But how can we possibly change it? Fortunately, it’s actually shockingly simple.

how to Change those tapes

  1. Become aware of them
    “How dare you say that the terrible place I’m at is at all under my control. I can’t control my thoughts, they just happen.” First of all, that sounds awfully like another limiting belief! You may not be able to control the incoming thoughts at first. That’s normal! Becoming conscious of their existence is the most important part. Writing them out in a journal can be enormously helpful in identifying them.
  2. Switch them out for something else
    When we notice them, we can’t just ignore them. We have to switch them out for something better! This is where the idea of positive affirmations comes from. It’s not about sitting in front of your mirror saying “This year I will make one million dollars!” It’s about acknowledging what exactly the limiting belief or critical thought is, and countering it with a positive, empowering Truth. for example:
    “I’m a terrible mom because I have to work” can become “I show love to my family by providing them with food, clothing, and a place to live.”
    “I’m too stupid and lazy to go back to school” can become “My passion for this topic can push me through the inevitable challenges of getting a higher education.”

Repeat with every negative belief you have, and repeat every time you notice the thought entering your head. See, simple! Notice I did NOT say “easy” because it’s not easy. It’s a lot of work – hard work that involves facing our inner demons. We have an estimated 50,000 thoughts a day! If this is a big problem for you (it is for most people, actually), that’s a lot of negative thoughts to counteract. The easy thing is believing the negativity and spiraling into self pity. The good news, however, is that it DOES get easier, and the critical thoughts become fewer and fewer by the day.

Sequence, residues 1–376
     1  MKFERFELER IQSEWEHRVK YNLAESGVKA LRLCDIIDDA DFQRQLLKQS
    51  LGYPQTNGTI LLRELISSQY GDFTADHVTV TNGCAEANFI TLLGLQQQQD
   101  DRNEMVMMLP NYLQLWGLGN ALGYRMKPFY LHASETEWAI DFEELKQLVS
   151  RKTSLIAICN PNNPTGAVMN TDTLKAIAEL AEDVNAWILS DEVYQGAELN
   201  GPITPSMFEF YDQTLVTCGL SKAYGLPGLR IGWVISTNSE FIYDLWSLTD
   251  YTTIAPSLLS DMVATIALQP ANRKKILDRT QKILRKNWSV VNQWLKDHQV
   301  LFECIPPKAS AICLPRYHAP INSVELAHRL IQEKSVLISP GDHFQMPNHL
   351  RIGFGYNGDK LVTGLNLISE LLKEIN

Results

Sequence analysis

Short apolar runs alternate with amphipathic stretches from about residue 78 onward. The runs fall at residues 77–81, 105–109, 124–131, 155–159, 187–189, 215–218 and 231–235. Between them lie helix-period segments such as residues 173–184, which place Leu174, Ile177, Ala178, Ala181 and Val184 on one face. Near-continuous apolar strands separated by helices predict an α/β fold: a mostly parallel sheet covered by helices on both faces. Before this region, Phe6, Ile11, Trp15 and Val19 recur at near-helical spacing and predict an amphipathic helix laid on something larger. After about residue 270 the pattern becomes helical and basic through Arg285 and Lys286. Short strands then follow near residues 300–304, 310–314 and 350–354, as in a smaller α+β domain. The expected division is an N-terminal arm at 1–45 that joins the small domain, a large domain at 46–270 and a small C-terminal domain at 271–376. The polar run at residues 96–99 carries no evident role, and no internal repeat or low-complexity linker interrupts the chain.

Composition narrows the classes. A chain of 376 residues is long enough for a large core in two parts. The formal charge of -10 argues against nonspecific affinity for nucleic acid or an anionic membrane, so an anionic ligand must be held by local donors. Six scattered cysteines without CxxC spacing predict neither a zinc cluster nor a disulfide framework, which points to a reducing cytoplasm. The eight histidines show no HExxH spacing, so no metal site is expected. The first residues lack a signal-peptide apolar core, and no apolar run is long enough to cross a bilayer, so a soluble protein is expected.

I still have trouble being on time sometimes and I’m not always on top of my dirty dishes, but as I get better at counteracting those critical thoughts about myself, it’s no longer a hit to my self esteem. And my house is magically getting cleaner too!

None of these ideas are new, and thousands of people have written and taught about this concept before. I feel that it’s important to address here because I believe that we can take all the supplements we want and have a perfectly clean, nutrient dense diet, but if the “nutrition” our minds are getting all the time in the form of thoughts is terrible, we will never reach a place of  peace and mental well being.

If our thousands of thoughts are predominantly negative ones, how could you possibly be a happy, confident, content person? If we could change those lies about ourselves into empowering truths and truly love ourselves, imagine the effect that would have in not only our own life, but the lives of everyone you come into contact with. You realizing your worth shows others that it’s possible for them, too!

Can you think of any some negative self talk that’s holding you back from the life you truly want?